Buenos Aires in 3 Days

Buenos Aires, capital of Argentina is a cosmopolitan city with plenty to see and do. It also makes a great base for exploring further afield. We spent 5 days in Buenos Aires; 3 days exploring the city itself and 2 on day trips further afield.

Below, is the itinerary of the three days we spent in Buenos Aires. I can thoroughly recommend adding some side trips, though. We took a boat trip up the Rio Grande to Tigre and another boat trip across the Rio Grande to Colonia del Sacramento in Uruguay.

Getting There

Buenos Aires has two airports – we arrived at one and departed from the other. Ezeiza International Airport is the main international airport somewhat further (20 miles) away from the city, which can be reached by bus no 8E. Aeroparque Internacional Jorge Newbery deals with internal and regional flights and is fairly centrally located, just 5 miles from downtown Buenos Aires. It is served by buses 45A and 33.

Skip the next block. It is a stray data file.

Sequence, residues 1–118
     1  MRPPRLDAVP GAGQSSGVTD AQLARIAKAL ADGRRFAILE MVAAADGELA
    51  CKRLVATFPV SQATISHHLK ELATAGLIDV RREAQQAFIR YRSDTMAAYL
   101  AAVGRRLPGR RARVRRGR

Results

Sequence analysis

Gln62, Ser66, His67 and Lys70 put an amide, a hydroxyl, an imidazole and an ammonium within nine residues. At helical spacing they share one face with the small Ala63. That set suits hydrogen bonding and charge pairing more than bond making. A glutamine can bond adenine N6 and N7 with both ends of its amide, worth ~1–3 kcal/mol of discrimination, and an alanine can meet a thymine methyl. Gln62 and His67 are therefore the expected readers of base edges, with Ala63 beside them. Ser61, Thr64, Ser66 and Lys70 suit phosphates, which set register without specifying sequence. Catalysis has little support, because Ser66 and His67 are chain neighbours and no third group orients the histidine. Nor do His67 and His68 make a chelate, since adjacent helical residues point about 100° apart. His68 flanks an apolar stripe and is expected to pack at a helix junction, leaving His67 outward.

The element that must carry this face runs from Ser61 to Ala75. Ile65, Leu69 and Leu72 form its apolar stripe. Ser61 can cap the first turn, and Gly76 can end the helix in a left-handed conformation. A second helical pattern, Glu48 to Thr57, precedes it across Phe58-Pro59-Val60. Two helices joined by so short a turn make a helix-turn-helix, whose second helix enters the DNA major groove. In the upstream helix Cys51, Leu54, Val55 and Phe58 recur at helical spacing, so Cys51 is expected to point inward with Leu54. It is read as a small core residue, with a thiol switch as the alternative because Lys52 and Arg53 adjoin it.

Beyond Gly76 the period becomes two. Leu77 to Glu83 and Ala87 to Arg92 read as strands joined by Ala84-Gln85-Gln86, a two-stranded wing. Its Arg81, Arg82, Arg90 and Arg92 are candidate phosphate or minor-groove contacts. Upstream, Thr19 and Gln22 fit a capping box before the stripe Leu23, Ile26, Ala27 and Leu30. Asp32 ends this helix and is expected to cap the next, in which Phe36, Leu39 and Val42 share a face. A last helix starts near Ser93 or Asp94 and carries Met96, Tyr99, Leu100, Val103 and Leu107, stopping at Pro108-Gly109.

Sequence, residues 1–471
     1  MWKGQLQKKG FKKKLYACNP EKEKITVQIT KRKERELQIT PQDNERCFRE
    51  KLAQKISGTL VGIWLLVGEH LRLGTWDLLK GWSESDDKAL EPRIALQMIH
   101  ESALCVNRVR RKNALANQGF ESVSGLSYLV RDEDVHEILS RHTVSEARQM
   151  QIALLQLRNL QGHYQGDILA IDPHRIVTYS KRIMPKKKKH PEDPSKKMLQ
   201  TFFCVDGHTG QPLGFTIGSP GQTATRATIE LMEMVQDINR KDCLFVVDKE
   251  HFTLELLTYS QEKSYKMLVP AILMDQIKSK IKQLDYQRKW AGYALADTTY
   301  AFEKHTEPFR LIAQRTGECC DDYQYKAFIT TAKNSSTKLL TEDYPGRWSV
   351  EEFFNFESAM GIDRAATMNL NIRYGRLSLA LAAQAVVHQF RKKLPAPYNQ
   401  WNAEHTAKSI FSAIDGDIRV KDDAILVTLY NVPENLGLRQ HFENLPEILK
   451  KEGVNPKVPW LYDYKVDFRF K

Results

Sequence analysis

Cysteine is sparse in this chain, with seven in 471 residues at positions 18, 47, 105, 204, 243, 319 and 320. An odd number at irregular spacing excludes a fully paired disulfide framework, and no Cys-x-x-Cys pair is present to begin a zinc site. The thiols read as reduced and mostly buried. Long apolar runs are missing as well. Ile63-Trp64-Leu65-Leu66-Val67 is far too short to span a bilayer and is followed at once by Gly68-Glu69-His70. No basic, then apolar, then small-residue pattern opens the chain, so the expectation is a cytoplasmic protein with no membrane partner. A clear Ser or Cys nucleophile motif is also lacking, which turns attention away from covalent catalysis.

Welcome to Argentina
Ezeiza

Getting Around

Buenos Aires has a comprehensive metro system. The best way to travel is to purchase a SUBE card, which can be charged with money. SUBE cards are available at hotels and metro stations. You need your passport/ID to obtain one and it costs 126 pesos (around £0.55). The card can be used on the metro, buses and trains within greater Buenos Aires.

Where to Stay

We stayed at the very pleasant Hotel 474 Buenos Aires. The hotel is situated in the financial district, thus somewhat cheaper than more touristy areas but still conveniently situated. One disadvantage; the area is like a ghost town at weekends and most bars and restaurants are closed. We arrived at 9 am and they were very accommodating, letting us check in early.

Hotel 474 Buenos Aires
Hotel 474 Buenos Aires

3 Day Itinerary

Day 1Fly to Buenos Aires
Casa Rosada Guided Tour
Casa Rosada Museum
Accommodation – Hotel 474 Buenos Aires x 5
Day 2Catedral Metropolitana
Eco Parque
Parque 3 de Febrero
MALBA
Floralis Genérica